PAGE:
6. Share information

A full copy of reports should be given to the nominated contact person, after you have read and digested the report. A summary of report with main findings/recommendations is often helpful for staff. Enquire about the confidentiality and storage of any reports shared with the school, how the information will be disseminated and who has access to it. Clarify the process for informing new teachers, especially in relation to transition times.

7. Documentation and accountability

If your child has a diagnosed disability, you may be involved in regular support group meetings. The frequency of these meetings differs according to the needs of the child and may vary over time. Different staff may be included depending on the school’s personnel and specific disability. At these meetings, progress is reviewed and goals are identified. Meetings should be documented, and minutes shared to ensure all parties acknowledge responsibilities for actions, both at school and at home.

8. Reasonable adjustments

These are measures or actions taken to assist students to participate in education / training on the same basis as their peers without a disability. Adjustments may occur in all areas of school life:

  • in the classroom (curriculum, teaching methods, resources, staffing)
  • in the playground (staffing, times, programs)
  • to excursions and camps (staffing, accessibility, activities)
  • to the physical environment (access, equipment)

An adjustment is considered reasonable if it achieves its aim of ensuring a student with a disability can take part in their education on the same basis as students without a disability, and if it balances the interests of everyone affected. This includes the school, staff and other students. In some cases, the costs and benefits of making adjustments need to be evaluated before they can be implemented, so that unreasonable hardship is not placed on the school and that there is no risk of safety to others.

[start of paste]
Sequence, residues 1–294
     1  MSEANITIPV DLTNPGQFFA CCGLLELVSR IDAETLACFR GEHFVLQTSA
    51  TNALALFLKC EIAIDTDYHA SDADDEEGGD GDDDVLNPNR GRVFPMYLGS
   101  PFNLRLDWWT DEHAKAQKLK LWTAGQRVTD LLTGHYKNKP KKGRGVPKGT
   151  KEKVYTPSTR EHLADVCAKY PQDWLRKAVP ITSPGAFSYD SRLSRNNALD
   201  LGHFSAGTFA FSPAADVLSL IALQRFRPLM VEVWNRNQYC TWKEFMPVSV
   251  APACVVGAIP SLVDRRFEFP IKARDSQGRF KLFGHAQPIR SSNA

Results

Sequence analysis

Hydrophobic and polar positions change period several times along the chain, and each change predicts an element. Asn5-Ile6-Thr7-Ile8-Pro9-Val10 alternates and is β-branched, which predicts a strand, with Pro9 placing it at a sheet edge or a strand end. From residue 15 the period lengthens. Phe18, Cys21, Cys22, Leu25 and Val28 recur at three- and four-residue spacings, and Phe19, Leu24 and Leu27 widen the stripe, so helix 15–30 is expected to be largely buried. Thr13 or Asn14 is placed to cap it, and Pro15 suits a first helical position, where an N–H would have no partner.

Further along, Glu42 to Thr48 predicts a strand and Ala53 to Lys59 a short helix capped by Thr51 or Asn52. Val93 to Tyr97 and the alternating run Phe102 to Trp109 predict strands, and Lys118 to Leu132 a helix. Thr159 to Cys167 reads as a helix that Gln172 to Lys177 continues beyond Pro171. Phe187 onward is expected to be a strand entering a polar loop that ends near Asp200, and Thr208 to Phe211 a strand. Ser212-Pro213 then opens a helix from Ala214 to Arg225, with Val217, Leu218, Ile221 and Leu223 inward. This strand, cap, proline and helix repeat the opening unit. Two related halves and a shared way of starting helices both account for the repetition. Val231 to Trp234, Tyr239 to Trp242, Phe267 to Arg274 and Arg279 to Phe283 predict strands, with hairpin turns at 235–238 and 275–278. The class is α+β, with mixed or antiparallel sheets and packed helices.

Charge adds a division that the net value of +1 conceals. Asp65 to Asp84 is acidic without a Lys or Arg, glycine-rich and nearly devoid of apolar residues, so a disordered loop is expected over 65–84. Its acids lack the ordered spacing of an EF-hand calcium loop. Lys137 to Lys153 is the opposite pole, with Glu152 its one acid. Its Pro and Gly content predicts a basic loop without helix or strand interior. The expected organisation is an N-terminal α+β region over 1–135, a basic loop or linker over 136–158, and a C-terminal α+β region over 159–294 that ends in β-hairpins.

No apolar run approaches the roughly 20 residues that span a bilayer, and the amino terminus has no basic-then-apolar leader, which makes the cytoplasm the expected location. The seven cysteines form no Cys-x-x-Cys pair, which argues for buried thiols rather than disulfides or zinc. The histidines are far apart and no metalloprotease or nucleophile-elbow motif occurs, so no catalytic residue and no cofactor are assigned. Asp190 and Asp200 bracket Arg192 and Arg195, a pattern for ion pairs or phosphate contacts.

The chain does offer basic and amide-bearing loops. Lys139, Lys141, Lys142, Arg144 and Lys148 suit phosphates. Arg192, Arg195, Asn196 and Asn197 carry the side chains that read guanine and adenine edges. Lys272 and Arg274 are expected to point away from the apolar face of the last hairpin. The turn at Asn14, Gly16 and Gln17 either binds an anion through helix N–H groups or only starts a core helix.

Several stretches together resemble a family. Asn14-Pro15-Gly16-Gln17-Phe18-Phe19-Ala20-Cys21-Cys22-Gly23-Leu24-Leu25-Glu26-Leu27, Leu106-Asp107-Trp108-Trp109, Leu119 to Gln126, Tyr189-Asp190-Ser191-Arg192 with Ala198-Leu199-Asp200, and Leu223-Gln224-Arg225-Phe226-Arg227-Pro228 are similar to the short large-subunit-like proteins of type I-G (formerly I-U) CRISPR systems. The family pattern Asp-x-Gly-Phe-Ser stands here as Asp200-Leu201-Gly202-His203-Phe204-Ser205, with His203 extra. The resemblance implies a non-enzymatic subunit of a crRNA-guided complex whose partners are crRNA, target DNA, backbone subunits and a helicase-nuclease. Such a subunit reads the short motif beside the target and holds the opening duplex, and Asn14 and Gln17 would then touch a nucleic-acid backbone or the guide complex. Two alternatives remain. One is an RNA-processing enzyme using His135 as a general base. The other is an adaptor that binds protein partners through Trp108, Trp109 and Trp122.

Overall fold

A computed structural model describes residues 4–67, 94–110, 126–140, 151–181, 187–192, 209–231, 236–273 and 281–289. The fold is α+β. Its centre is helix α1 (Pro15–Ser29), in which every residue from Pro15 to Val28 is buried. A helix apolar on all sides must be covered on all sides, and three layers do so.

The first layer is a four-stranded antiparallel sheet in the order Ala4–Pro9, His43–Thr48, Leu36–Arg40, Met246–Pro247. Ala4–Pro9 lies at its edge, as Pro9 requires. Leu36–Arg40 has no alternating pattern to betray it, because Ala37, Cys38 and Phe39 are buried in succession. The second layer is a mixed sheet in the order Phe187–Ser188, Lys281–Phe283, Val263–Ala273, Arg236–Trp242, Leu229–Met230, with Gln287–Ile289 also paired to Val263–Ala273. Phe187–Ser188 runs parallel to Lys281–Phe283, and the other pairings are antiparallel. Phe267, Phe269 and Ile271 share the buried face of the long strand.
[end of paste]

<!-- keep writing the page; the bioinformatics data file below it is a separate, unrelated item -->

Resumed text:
9. Be realistic

Many professional reports provide a broad range of recommendations, not all of which may be implemented for a variety of reasons, including the professional judgement of educators, the classroom environment and limitations in staffing and resources. Focus on developing agreed goals and targets through a collaborative approach and raising concerns if your child is not making progress.

10. Keep speaking up

Advocating for your child isn’t a one-time thing. It is a journey over time. Being an effective advocate for your child means representing their needs and challenges, as well as celebrating their successes and achievements. While not always easy, advocacy is a vital role: supporting your child to learn, grow and develop the skills they need to lead a happy, healthy and fulfilling life.

About the author

Dr Deborah Trengove is a former school psychologist and school wellbeing leader.

Deborah’s previous articles for The Parents Website include 10 tips to help your teen out of the Procrastination Trap, How parents can help kids make good friends and Lessons from lockdown: The good things we’ve discovered.